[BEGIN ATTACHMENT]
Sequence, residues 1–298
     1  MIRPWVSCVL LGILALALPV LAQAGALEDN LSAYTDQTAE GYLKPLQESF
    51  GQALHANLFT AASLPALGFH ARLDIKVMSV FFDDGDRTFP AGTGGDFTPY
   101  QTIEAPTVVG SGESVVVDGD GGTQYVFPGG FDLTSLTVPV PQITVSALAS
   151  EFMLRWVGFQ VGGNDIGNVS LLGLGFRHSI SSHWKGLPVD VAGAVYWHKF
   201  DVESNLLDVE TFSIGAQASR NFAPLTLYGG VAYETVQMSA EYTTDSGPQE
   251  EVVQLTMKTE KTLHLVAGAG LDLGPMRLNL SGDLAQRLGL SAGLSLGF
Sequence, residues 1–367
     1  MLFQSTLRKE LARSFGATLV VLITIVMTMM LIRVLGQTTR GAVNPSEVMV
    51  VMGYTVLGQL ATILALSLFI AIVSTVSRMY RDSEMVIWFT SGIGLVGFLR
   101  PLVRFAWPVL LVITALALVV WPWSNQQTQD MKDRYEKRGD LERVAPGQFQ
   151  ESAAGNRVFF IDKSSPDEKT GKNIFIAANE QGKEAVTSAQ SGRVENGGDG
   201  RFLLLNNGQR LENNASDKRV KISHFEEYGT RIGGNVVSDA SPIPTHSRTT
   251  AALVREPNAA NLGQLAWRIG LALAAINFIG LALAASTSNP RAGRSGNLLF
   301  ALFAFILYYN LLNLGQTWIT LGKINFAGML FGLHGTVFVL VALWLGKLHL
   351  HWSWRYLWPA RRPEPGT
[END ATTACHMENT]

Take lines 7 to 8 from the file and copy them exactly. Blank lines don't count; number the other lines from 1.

   251  EVVQLTMKTE KTLHLVAGAG LDLGPMRLNL SGDLAQRLGL SAGLSLGF
Sequence, residues 1–367